|Birth to 6 months||0.27 mg*||0.27 mg*|
|7–12 months||11 mg||11 mg|
|1–3 years||7 mg||7 mg|
|4–8 years||10 mg||10 mg|
|9–13 years||8 mg||8 mg|
|14–18 years||11 mg||15 mg||27 mg||10 mg|
|19–50 years||8 mg||18 mg||27 mg||9 mg|
|51+ years||8 mg||8 mg|
What Are The Best Sources of Iron?
Lots of foods have iron, and many very popular and easily sourced plant foods have high amounts of the mineral. In the table below you can see a selection of common foods and their iron levels per serving. Removing the first one, breakfast cereals (because many whole food, plant-based, people aren’t sticking with cereal for breakfast) you can see that 7 of the top 10 are plants and that a tiny 1/2 cup of stewed tomatoes and cooked chickpeas have as much as a 3oz serving of beef!
Also, can we have some hands in the air for chocolate and white beans?
|Breakfast cereals, fortified with 100% of the DV for iron, 1 serving||18||100|
|Oysters, eastern, cooked with moist heat, 3 ounces||8||44|
|White beans, canned, 1 cup||8||44|
|Chocolate, dark, 45%–69% cacao solids, 3 ounces||7||39|
|Beef liver, pan fried, 3 ounces||5||28|
|Lentils, boiled and drained, ½ cup||3||17|
|Spinach, boiled and drained, ½ cup||3||17|
|Tofu, firm, ½ cup||3||17|
|Kidney beans, canned, ½ cup||2||11|
|Sardines, Atlantic, canned in oil, drained solids with bone, 3 ounces||2||11|
|Chickpeas, boiled and drained, ½ cup||2||11|
|Tomatoes, canned, stewed, ½ cup||2||11|
|Beef, braised bottom round, trimmed to 1/8” fat, 3 ounces||2||11|
|Potato, baked, flesh and skin, 1 medium potato||2||11|
|Cashew nuts, oil roasted, 1 ounce (18 nuts)||2||11|
|Green peas, boiled, ½ cup||1||6|
|Chicken, roasted, meat and skin, 3 ounces||1||6|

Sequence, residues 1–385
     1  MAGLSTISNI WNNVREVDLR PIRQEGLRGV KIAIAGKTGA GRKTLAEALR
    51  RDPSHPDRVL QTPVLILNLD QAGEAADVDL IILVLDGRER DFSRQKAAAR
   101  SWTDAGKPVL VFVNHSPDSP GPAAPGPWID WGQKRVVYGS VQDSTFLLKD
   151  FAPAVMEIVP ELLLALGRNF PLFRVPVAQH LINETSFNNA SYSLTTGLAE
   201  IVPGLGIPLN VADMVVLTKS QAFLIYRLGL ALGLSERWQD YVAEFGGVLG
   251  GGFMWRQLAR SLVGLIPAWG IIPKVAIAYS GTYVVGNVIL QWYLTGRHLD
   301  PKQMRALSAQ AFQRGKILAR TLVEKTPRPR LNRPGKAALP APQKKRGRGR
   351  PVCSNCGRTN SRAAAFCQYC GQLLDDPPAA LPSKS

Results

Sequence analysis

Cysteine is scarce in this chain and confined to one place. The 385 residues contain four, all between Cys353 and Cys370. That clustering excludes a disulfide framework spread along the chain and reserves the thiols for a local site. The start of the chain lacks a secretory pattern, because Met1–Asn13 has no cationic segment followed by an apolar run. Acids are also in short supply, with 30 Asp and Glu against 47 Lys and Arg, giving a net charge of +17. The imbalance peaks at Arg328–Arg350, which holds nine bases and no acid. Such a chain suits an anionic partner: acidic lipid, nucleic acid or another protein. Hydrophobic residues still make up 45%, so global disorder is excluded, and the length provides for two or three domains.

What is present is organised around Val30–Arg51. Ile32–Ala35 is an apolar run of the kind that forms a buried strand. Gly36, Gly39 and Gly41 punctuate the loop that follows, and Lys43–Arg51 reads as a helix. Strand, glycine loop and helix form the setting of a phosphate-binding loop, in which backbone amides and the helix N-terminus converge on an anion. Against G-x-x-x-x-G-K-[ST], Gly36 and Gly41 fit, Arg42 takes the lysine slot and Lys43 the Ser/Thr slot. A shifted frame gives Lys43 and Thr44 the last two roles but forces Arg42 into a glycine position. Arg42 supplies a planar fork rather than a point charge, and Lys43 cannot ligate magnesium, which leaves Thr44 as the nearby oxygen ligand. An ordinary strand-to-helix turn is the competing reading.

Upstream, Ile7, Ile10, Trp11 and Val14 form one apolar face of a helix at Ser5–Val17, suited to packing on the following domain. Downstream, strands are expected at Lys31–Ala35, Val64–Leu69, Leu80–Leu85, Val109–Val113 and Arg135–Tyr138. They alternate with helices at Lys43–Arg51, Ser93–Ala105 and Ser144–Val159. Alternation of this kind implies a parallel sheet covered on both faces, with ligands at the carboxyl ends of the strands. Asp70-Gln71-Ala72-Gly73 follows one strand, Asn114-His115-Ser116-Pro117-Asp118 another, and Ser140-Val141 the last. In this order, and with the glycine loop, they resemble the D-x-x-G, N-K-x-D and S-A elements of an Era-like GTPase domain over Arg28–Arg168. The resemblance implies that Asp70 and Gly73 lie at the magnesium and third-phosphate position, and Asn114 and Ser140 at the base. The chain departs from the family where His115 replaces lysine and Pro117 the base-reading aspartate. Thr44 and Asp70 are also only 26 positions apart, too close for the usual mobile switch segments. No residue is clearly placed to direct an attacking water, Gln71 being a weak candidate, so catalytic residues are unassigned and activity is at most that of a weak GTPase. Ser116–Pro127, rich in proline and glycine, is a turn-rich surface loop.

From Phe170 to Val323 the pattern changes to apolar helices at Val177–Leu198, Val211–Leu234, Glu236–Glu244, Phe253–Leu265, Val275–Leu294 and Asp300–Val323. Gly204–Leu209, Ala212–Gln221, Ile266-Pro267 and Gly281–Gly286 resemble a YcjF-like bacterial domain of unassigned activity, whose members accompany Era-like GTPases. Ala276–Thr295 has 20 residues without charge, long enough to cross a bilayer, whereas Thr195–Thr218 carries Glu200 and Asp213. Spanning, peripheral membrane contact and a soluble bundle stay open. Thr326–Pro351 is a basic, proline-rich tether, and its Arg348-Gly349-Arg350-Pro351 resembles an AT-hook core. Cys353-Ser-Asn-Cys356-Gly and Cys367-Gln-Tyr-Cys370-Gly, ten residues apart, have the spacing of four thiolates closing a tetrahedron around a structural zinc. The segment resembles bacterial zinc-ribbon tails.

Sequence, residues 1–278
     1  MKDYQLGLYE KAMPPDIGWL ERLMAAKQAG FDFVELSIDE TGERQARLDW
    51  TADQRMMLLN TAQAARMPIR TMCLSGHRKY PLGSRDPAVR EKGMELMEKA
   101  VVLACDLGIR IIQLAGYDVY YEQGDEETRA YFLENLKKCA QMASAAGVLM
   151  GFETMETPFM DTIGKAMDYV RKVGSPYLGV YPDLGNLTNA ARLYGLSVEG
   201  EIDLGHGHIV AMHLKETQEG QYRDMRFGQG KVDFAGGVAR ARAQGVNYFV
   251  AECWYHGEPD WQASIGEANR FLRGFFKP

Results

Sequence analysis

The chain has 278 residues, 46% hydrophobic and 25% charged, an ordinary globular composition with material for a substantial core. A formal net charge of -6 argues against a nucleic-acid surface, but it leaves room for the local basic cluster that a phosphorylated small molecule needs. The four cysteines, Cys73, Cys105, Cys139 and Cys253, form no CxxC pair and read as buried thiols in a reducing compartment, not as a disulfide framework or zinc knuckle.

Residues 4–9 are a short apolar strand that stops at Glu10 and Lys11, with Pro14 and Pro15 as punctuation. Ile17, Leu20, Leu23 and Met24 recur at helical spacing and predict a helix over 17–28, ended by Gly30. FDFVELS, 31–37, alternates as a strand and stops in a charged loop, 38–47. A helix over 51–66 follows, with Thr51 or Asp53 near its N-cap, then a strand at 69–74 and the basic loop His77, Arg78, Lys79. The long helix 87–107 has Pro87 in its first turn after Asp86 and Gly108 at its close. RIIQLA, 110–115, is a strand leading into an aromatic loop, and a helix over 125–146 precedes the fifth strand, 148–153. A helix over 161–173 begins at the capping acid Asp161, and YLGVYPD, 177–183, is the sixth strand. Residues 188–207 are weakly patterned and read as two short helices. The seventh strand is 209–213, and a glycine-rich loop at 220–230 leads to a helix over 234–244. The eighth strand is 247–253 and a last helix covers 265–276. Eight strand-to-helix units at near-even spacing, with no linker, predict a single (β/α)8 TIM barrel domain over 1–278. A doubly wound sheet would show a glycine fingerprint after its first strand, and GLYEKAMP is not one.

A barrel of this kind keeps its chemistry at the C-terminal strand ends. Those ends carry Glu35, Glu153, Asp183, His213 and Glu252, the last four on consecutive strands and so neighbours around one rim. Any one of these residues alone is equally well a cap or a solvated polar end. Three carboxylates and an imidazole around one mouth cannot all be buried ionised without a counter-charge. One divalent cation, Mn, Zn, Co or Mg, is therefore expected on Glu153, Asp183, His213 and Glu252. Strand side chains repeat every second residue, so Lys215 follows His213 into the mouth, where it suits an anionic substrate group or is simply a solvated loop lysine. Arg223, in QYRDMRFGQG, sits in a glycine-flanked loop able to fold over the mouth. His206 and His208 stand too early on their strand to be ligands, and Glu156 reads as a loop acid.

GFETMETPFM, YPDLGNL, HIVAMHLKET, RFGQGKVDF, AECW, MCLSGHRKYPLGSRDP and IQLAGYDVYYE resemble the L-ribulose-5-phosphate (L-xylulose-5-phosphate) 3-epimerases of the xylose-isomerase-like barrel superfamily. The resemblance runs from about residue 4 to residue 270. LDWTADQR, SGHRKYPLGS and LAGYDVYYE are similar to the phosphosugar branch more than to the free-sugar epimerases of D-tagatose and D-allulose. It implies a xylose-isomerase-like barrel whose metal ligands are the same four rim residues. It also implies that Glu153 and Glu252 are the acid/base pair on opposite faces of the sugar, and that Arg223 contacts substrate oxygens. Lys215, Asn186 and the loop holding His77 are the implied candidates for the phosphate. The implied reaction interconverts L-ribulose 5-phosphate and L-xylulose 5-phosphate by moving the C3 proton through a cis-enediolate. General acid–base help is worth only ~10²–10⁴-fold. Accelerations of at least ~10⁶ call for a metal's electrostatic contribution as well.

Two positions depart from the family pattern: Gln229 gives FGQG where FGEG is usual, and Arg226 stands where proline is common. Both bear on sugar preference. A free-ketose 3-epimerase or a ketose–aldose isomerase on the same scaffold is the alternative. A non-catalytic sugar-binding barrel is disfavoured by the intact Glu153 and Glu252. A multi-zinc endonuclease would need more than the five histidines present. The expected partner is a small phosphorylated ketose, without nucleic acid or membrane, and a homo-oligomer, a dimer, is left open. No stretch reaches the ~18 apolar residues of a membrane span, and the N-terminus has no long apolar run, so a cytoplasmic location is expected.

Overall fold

|Rice, white, long grain, enriched, parboiled, drained, ½ cup||1||6|
|Bread, whole wheat, 1 slice||1||6|
|Bread, white, 1 slice||1||6|
|Raisins, seedless, ¼ cup||1||6|
|Spaghetti, whole wheat, cooked, 1 cup||1||6|
|Tuna, light, canned in water, 3 ounces||1||6|
|Turkey, roasted, breast meat and skin, 3 ounces||1||6|
|Nuts, pistachio, dry roasted, 1 ounce (49 nuts)||1||6|
|Broccoli, boiled and drained, ½ cup||1||6|
|Egg, hard boiled, 1 large||1||6|
|Rice, brown, long or medium grain, cooked, 1 cup||1||6|
|Cheese, cheddar, 1.5 ounces||0||0|
|Cantaloupe, diced, ½ cup||0||0|
|Mushrooms, white, sliced and stir-fried, ½ cup||0||0|
|Cheese, cottage, 2% milk fat, ½ cup||0||0|
|Milk, 1 cup||0||0|
Its clear from this chart that plenty of plants have high iron values. The trick for vegans, of course, is eating a varied diet to ensure both enough iron and the presence of bio-availability enhancers such as fruits and dark green veggies.
It is important to note that iron intake is more of a challenge for women because of the iron lost during menstruation. The need is even higher while pregnant and breast-feeding.
No Meat, No Problem
We hope that this post has been helpful and demonstrated that not only is a varied (eat the rainbow!) plant-based diet the healthiest option but that it is a more than sufficient source of dietary iron. That means when you answer the “where do you get protein?” question and they respond with “but what about iron?” you can tell them about all the iron-rich healthy and delicious fruits, veggies, and grains that you eat!